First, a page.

Nvidia Launches Pascal GPUs for Deep Learning Inferencing

By Tiffany Trader

September 12, 2016

Already entrenched in the deep learning community for neural net training, Nvidia wants to secure its place as the go-to chipmaker for datacenter inferencing. At the GPU Technology Conference (GTC) in Beijing today (Tuesday), Nvidia CEO Jen-Hsun Huang unveiled the latest additions to the Tesla line, Pascal-based P4 and P40 GPU accelerators, as well as new software all aimed at improving performance for inferencing workloads that undergird applications like voice-activated assistants, spam filters, and recommendation engines.

Employing the same form factor as the Maxwell-based M4 and M40 GPUs, the new Pascal cards were designed to accelerate inferencing workloads. Most significantly, the GPUs feature specialized inference instructions based on 8-bit (INT8) operations. Using the VGG image recognition model as a benchmark, Nvidia reports that the P40 achieved a 45x faster response than a E5-2690v4 Xeon (with the latest Intel Math Kernel Library) and a 4x improvement over the M40, which debuted last November at Supercomputing. In both cases, the P40 was running INT8 instructions, while the comparison hardware was employing FP32.

For the test, Nvidia paired the Tesla P40 with an internal version of the company’s TensorRT library, which is also being announced today. TensorRT, formerly known as GIE (GPU Inference Engine), enables the trained neural net to run well on Pascal GPUs, says Nvidia. The library takes neural nets, typically built with 32-bit or 16-bit operations, and tunes them for the specific GPU to be used for deployment.

“If there’s a GPU in the datacenter like the P4 or P40 then TensorRT will automatically recognize that and transform that neural net into 8 bit,” said Roy Kim, a product manager in Nvidia’s Tesla HPC business unit. “And TensorRT will take neural net and deploy it anywhere – it could deploy it in an embedded Jetson program for example.”

On the training side, models need the higher accuracy of at least 16-bit floating point (FP16), but once the models are trained, this dynamic range can be reduced down to an 8-bit range without a loss of accuracy. The upshot of INT8, is that it enables four times as much throughput compared to single-precision floating point (FP32).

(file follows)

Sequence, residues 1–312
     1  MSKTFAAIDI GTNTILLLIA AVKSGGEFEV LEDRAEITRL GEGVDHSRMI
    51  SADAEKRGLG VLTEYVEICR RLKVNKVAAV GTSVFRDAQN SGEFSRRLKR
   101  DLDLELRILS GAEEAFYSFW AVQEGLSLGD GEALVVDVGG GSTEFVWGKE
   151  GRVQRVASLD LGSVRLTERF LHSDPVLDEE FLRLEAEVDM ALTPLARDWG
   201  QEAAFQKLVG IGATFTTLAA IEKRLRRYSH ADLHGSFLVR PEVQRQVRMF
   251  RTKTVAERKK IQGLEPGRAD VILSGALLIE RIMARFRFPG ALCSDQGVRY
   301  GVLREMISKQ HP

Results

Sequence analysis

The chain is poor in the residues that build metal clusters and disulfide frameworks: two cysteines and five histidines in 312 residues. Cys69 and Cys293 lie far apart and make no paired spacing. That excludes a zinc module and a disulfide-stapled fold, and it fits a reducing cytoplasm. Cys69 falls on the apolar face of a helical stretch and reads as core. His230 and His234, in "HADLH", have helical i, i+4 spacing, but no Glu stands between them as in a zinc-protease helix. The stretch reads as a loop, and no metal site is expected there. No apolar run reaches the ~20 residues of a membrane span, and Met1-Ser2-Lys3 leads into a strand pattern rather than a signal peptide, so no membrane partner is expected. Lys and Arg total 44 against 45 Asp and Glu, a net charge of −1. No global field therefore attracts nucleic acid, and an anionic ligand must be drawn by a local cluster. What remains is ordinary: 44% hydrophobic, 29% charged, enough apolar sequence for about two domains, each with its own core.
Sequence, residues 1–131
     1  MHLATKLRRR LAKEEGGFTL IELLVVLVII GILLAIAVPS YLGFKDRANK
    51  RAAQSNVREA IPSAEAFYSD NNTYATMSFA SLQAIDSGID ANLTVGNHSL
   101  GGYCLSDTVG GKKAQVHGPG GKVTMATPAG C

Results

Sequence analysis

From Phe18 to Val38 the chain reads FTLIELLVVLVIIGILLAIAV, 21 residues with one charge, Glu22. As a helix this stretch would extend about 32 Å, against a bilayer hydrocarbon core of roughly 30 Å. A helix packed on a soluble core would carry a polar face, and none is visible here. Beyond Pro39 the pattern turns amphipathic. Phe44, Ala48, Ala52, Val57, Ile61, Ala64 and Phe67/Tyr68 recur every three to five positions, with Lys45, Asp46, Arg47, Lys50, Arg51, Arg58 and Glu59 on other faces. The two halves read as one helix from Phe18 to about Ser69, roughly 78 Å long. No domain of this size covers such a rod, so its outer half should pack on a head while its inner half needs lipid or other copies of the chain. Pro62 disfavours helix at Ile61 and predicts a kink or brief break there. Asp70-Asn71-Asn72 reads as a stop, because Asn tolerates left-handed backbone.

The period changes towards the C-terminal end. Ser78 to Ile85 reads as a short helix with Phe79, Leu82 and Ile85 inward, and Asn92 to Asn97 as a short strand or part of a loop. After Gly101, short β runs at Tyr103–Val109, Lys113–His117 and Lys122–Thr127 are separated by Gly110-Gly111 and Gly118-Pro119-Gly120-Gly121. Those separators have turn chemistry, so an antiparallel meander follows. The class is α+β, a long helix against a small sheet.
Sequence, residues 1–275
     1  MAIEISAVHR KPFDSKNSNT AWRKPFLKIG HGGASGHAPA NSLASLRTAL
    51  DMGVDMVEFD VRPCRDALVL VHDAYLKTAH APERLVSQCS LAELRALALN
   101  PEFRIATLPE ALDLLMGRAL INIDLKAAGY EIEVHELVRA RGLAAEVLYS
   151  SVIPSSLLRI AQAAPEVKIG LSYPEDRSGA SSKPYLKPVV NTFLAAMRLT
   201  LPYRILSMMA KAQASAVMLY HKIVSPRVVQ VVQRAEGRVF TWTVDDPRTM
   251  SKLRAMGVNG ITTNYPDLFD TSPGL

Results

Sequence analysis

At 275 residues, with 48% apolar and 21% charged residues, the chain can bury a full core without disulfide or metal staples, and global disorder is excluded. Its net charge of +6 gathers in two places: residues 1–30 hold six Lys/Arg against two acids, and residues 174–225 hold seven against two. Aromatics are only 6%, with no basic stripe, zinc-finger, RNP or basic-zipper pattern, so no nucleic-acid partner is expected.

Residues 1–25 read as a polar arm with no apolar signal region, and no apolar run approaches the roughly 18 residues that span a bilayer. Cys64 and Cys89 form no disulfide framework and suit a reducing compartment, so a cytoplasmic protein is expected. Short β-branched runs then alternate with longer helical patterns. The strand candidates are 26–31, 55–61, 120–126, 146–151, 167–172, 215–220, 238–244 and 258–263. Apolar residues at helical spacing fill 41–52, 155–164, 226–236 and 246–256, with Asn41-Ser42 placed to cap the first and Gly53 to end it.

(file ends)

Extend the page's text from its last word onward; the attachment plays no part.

nvidia-tesla-p4-specs

nvidia-tesla-p40-specs

The P4 is designed for the scale-out datacenter server and prioritizes energy efficiency whereas the P40 emphasizes high throughput for deep learning workloads. The P40 is for customers who want to deploy lots of GPUs in a box in batch mode for overnight processing of video data, for example, said Kim. A single Tesla P4 provides 22 Tera-Operations per second (TOPS) while the P40 offers 47 Tera-Operations per second (TOPS) — both figures are with boost clock enabled.

Nvidia also unveiled a new software development kit to help speed video analytics workloads. DeepStream SDK has APIs for transcoding video onto various formats, it has SDK to preprocess those videos, and it has the APIs and support for deep learning frameworks, the company said. With DeepStream, a single Tesla P4 server (with two E5-2650 v4 CPUs) can simultaneously decode and analyze up to 93 HD video streams in real time compared with seven streams on a GPU-less Broadwell-based box, according to Nvidia.

Nvidia continues to count Baidu as a key partner and confirmed that the Chinese search giant still uses Nvidia GPUs for training and inferencing its Deep Speech 2 system. Hyperscalers like Baidu are increasingly concerned with minimizing the time it takes for their systems to recognize speech, images or text in response to queries from users and devices.

“Delivering simple and responsive experiences to each of our users is very important to us,” said Greg Diamos, senior researcher at Baidu. “At Baidu, we have deployed NVIDIA GPUs in production to provide AI-powered services such as our Deep Speech 2 system and the use of GPUs enables a level of responsiveness that would not be possible on un-accelerated servers.”

“The complexity of that Deep Speech 2 model has increased by 10x in just one year,” said Nvidia’s Kim. “So it makes sense from the training side why they need GPUs. But on the inferencing side, they are seeing a problem. Whereas it used to be okay to deploy on CPU servers, it isn’t tenable anymore. With hyperscalers every millisecond matters. Baidu believes that after 500 milliseconds, user engagement goes down. With the Pascal GPU the response is almost immediate, about 100 milliseconds.”

Nvidia said it went through pains to ensure it used the latest Intel hardware and software for its comparison testing. The graphics chipmaker’s message is that even the latest Broadwell CPUs are challenged by today’s complex inferencing workloads. To Intel’s mind, however, the star of its deep learning portfolio is its Xeon Phi manycore processor. We imagine a fuller picture of the comparative performance advantages of Nvidia and Intel silicon will emerge when Pascal GPUs go head to head against Knights Landing on a range of workloads. Things will get even more interesting next year with the debut of the next-generation Phi processor, Knights Mill, which will support lower-precision computations.

The Tesla P40 is expected to be available next month and the P4 the month after. The cards will be available from all major OEMs and ODMs, including Dell Technologies, HPE, Inspur, Inventec, Lenovo, QCT, Quanta Computer and Wistron.